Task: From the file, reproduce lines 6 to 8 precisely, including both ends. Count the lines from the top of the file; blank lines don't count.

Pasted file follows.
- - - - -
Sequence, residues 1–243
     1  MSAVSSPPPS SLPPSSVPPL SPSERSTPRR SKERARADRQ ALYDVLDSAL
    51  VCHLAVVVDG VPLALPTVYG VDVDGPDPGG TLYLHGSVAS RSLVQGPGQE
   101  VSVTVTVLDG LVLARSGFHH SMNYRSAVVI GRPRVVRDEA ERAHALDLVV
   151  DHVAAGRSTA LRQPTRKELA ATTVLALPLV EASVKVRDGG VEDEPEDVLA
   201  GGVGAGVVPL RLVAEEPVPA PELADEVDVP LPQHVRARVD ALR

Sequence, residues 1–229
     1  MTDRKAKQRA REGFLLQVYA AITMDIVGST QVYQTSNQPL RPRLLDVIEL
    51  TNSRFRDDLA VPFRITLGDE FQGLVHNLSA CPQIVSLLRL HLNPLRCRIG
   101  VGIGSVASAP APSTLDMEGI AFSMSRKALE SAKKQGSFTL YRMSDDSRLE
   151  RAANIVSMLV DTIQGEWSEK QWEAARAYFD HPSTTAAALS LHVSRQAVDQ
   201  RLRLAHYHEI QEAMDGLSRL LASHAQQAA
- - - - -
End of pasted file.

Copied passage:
   201  GGVGAGVVPL RLVAEEPVPA PELADEVDVP LPQHVRARVD ALR

Sequence, residues 1–229
     1  MTDRKAKQRA REGFLLQVYA AITMDIVGST QVYQTSNQPL RPRLLDVIEL